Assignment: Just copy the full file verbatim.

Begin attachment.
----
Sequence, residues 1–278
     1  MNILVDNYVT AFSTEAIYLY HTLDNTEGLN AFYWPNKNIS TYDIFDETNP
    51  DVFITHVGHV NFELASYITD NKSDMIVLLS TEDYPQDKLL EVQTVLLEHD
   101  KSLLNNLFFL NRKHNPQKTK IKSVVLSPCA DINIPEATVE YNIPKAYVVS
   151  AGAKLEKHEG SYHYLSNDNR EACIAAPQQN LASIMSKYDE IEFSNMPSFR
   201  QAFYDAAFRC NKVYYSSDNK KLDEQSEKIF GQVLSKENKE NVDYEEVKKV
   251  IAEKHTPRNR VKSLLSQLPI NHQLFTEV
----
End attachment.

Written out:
Sequence, residues 1–278
     1  MNILVDNYVT AFSTEAIYLY HTLDNTEGLN AFYWPNKNIS TYDIFDETNP
    51  DVFITHVGHV NFELASYITD NKSDMIVLLS TEDYPQDKLL EVQTVLLEHD
   101  KSLLNNLFFL NRKHNPQKTK IKSVVLSPCA DINIPEATVE YNIPKAYVVS
   151  AGAKLEKHEG SYHYLSNDNR EACIAAPQQN LASIMSKYDE IEFSNMPSFR
   201  QAFYDAAFRC NKVYYSSDNK KLDEQSEKIF GQVLSKENKE NVDYEEVKKV
   251  IAEKHTPRNR VKSLLSQLPI NHQLFTEV